Makes you wonder what on earth would make me become careless when caring feels so good?
     
    Answer: Caregiver PUT YOURSELF FIRST!
  17. Like
    Pea got a reaction from Stegner in Calling all over 50 folks   
    Glad to see this thread, I just left a suggestion on the forum for a "over 50" official board. (Or whatever you call the identified sections!)
     
    I just started my third whole30 this week, so my focus is on finishing strong, not reintroduction quite yet. I just wanted to say hi because I'm going to be 61 in July and wanted to find my peers! So thanks for bumping up this thread, and I hope to get to know ya'll.
     
    Pea
  18. Like
    Pea got a reaction from Emma in Susie in her Sixties   
    Day Zero
     
    I'm coming out of a gluten, dairy, sugar, stress overload period, but no whining or crying aloud. Suffice it to say that I will be 61 years old in July. I have an autoimmune condition (ankylosing spondylitis) which affects my spine; I've had 5 major operations in the past 8 years, including one for thyroid cancer; and I LOVE life and I want to feel good and enjoy it. I *know* IT STARTS WITH FOOD. It doesn't end there, this yearning for the good life, but it starts there. 
     
    So here are my intentions for the 30 days:
     
    1. Follow the Whole30 rules.
    2. Watch the attitude: this is not deprivation, this is a gift I am giving myself. Set a nice table. Make a nice presentation of food.
    3. Passover is a challenge. There will be enough whole30 compliant foods to construct a compliant plate for the meals, but I am deciding ahead of time to do the following: 1 bite of gluten free matzoh for ritual purposes, and four sips (not cups) of wine at the two seders I will attend. I will not count this as a failure. 
    4. No going from sedentary to 60 miles an hour with exercise (even if I could, which I can't). My goal: 45 minutes of movement at day----walking, swimming, easy cycling. That's it. Nothing more. When I drop some of my excess weight and begin to feel better, I can consider something else. That's it for now. And it doesn't have to be all at once---I have a 20  minute loop around my neighborhood, I can do that 2 or 3 times in a day and call it a constitutional----or as the Italians say, "passeggiata."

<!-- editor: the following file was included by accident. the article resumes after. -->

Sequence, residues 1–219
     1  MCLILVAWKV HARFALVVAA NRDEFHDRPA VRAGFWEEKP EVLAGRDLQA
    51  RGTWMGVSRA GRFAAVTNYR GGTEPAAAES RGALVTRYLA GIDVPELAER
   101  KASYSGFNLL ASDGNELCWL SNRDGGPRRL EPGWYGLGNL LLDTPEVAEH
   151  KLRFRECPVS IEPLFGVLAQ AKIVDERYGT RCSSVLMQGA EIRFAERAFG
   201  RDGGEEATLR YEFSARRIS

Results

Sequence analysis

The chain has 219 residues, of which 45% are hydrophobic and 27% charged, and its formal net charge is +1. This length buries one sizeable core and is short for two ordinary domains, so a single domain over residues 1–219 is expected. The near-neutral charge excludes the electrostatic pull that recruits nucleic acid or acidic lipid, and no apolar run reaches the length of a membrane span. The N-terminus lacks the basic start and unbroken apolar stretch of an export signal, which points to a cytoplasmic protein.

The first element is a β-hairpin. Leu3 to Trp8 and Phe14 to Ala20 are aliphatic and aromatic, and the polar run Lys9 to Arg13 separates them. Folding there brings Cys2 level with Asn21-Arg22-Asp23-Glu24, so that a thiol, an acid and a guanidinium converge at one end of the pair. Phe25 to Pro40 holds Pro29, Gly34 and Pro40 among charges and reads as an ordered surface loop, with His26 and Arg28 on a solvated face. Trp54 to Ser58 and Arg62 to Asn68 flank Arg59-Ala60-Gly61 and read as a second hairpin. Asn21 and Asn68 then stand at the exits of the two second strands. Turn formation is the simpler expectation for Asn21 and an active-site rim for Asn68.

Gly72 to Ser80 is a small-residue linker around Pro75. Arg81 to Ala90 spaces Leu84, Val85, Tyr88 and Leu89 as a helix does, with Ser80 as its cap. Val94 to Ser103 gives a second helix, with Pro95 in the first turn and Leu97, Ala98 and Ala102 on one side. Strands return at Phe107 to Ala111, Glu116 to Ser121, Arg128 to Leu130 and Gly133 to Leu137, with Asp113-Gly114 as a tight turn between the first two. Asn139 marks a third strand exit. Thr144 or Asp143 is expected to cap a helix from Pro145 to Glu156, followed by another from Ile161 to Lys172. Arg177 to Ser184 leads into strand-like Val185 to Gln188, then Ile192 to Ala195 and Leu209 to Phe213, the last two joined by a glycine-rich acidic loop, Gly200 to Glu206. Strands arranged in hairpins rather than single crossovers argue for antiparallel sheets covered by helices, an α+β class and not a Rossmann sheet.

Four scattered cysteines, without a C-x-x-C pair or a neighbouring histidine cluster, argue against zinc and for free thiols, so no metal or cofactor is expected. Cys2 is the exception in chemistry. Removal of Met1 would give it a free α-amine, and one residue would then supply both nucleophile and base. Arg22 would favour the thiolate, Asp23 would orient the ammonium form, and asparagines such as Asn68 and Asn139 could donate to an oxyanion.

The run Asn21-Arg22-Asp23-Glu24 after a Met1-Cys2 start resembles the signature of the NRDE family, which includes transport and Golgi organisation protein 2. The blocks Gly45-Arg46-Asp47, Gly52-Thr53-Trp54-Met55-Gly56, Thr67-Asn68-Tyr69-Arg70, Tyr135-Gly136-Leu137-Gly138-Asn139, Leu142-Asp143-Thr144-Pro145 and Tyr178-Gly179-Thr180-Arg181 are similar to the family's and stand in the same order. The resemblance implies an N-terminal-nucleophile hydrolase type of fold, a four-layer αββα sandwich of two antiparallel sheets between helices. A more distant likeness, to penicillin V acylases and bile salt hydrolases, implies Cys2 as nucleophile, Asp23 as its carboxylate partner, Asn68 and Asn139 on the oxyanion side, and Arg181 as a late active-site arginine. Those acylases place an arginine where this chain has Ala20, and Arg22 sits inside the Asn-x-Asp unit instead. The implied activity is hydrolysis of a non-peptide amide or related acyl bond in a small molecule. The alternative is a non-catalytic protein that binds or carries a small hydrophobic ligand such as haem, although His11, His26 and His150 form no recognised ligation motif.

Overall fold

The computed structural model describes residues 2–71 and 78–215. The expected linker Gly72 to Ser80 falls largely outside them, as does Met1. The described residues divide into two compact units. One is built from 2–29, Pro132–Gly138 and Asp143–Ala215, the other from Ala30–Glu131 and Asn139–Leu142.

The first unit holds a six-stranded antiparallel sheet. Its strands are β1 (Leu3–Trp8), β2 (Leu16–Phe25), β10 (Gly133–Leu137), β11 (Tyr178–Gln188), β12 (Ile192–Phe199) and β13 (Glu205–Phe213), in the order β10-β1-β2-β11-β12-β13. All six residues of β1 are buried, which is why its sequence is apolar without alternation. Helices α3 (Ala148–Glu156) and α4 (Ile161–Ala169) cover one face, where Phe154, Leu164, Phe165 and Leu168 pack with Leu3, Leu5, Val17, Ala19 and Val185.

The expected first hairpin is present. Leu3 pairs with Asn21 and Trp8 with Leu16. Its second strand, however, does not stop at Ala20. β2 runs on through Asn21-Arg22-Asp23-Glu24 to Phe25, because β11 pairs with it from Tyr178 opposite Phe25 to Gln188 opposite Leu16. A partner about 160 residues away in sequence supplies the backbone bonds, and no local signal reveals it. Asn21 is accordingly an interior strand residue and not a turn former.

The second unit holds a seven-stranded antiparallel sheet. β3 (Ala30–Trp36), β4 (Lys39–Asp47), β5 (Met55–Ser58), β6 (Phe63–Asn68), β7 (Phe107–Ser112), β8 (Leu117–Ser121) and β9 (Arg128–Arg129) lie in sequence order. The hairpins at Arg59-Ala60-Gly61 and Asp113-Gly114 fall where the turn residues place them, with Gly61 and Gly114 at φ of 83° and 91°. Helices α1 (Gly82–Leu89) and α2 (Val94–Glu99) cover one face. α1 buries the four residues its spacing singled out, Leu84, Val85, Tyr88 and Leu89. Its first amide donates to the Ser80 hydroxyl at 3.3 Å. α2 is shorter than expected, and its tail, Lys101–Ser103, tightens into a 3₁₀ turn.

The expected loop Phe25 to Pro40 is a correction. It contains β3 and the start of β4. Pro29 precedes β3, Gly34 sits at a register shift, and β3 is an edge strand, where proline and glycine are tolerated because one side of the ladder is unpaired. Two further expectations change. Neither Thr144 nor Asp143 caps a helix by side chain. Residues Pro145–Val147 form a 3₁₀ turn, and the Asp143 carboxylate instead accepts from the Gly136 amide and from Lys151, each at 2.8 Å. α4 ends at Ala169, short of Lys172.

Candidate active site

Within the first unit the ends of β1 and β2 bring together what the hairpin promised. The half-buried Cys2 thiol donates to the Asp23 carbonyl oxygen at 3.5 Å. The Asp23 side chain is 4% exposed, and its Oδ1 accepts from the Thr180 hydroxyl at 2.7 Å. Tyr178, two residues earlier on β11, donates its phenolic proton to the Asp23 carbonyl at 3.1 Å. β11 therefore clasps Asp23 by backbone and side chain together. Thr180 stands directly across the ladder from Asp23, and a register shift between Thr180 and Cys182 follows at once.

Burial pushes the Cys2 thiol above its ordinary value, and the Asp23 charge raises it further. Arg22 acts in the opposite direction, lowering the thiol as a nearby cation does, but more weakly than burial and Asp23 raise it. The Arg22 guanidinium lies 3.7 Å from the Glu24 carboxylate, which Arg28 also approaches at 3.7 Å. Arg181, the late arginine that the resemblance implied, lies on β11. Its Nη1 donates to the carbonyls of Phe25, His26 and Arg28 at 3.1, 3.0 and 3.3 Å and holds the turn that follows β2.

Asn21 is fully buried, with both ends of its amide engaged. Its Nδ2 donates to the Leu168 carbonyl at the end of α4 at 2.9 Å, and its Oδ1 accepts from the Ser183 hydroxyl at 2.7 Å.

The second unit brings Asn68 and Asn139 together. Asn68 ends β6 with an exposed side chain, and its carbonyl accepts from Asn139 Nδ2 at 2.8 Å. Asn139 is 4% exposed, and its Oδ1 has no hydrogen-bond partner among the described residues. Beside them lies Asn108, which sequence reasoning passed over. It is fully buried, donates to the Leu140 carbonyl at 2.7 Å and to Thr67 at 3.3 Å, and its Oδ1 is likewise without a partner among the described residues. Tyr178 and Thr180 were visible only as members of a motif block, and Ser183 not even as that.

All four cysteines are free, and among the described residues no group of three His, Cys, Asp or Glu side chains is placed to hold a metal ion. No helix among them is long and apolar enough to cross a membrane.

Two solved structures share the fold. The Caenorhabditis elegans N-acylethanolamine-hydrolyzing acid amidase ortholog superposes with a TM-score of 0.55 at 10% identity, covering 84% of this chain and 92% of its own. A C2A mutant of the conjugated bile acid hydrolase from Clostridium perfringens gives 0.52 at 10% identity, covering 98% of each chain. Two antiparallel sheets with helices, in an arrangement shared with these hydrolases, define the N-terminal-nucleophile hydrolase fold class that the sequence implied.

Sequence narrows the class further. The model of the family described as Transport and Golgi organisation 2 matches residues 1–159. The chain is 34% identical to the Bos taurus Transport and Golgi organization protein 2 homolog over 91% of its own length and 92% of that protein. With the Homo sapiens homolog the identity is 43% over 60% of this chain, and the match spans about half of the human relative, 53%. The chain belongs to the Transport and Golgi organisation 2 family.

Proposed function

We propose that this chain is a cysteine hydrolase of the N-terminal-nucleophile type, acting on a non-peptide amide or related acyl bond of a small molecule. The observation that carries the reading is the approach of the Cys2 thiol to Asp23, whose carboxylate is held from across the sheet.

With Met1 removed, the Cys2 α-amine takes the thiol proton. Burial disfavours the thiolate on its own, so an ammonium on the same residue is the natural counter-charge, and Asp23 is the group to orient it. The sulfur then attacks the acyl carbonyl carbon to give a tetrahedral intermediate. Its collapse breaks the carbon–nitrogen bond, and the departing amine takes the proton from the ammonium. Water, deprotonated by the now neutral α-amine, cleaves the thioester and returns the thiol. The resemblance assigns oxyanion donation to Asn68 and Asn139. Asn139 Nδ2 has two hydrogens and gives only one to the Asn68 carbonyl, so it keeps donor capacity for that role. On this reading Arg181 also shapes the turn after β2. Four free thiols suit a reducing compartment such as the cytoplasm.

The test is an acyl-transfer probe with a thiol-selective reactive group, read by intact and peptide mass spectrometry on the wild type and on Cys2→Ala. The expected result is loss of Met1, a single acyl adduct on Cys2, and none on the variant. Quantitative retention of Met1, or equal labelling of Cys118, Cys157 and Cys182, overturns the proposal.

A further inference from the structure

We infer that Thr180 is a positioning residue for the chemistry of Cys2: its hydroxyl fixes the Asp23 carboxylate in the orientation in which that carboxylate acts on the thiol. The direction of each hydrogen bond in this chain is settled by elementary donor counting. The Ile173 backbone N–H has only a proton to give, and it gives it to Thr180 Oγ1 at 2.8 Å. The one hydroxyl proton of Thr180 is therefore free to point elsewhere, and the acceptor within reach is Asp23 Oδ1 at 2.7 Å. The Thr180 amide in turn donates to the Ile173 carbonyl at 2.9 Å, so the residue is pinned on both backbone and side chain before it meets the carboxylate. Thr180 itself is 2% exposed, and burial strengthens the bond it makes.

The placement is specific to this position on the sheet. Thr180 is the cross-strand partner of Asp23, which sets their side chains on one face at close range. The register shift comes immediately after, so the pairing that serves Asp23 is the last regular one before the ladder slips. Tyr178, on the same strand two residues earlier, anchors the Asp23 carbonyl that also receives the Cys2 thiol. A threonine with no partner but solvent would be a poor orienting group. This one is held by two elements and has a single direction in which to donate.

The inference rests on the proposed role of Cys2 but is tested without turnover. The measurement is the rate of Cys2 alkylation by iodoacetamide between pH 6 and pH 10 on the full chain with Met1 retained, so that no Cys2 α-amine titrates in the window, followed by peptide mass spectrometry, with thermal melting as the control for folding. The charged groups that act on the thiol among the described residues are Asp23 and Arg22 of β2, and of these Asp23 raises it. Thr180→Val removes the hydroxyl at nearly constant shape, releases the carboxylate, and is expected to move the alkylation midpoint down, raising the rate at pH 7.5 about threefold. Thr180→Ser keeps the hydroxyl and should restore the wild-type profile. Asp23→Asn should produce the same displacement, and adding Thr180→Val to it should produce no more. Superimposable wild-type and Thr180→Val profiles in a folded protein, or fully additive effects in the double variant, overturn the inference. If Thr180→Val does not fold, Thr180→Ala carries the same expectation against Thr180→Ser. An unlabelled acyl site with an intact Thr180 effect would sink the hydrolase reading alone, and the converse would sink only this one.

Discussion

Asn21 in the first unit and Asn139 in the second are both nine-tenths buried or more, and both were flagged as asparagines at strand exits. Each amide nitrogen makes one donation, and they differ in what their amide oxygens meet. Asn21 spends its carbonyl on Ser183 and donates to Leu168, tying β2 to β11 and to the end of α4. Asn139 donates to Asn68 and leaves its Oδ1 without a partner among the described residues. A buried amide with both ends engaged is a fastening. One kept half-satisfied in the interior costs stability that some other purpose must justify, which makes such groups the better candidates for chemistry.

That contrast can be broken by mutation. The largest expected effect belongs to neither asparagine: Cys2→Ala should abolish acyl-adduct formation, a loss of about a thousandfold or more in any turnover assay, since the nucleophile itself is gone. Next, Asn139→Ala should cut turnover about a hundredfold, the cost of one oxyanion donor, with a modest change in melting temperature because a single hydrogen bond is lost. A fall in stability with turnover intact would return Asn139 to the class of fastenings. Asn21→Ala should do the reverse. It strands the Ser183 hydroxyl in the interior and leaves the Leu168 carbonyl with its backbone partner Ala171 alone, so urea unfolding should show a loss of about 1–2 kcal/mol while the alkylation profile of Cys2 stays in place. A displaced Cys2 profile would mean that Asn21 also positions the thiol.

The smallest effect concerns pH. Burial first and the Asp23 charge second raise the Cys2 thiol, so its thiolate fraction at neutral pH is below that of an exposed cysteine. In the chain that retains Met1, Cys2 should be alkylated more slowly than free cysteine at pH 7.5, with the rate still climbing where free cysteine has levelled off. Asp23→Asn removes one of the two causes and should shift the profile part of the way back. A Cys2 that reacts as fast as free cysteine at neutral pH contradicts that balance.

TROUBLESHOOTING
    My biggest problem is eating all evening. I need some stress reduction strategies other than peanut butter and whipped cream sandwiches. So here it is: in the evening, if I am home, I will make some chamomile and lavender tea; take a warm bath with epsom salts, grab a book and go to bed early and read. If I feel an urge, I will come here to my log and write about it without acting on it. I will also experiment with a slow evening walk right after dinner, to interrupt the habit-switch of beginning to fight with myself about whether or not to eat when not hungry. 
     
    Today is farmer's market day so I am off to buy some lovely veggies, and also some high quality fish and meats. I will be ready for official day one tomorrow! 
     
     
     
    Susie at Sixty
  19. Like
    Pea got a reaction from Emma in 100 lbs   
    You hit the nail on the head, judip. I have a friend joining me for this whole 30 and I reminded her (and me) that we need to remember that this isn't 30 days of deprivation, it's 30 days of deeply nourishing self-care and putting ourselves first.
     
    I'm a caregiver (disabled adult child, aging parents) and it wasn't until my cancer diagnosis just before Thanksgiving last year that it really hit home for me, that I MUST TAKE CARE OF MYSELF!
     
    If beating ourselves up were effective in terms of weight loss, none of us would ever have a problem. 
     
    Hugs,
    Susie
  20. Like
    Pea got a reaction from Emma in 100 lbs   
    I've also a lot of ups and downs---in my life as well as in my weight, early 100 lbs. between my adult lifetime high and low (140 lbs. at age 52, 239 lbs. at age 48). Currently I weigh about 190 lbs., and I never gained back all the weight. I write this to you to let you know you aren't alone on this journey!
     
    I wish you all the success in the world, congratulations on taking care of yourself. I lift a glass of mineral water to you and say "To life!"
     
    Susie
  21. Like
    Pea got a reaction from Emma in 4/11 - Day One, Spiritual Journey   
    Neal, I appreciate your relationship to your whole30. Stress had moved me into that same all-evening-long eating pattern. What I find (having done this before) that almost immediately I feel the switch inside from emotion-driven appetite to physiologic hunger. 
     
    I also have been practicing mindfulness meditation for years now and I when I started this, I said to myself, "Mindful eating will be the focus of your practice for 30 days." 
     
    So I am taking this as an opportunity to listen deeply (without judgement) to my body, and to pay attention to my food when I eat. 
     
    I am very interested in hearing from you as you take each step on the way. Good luck!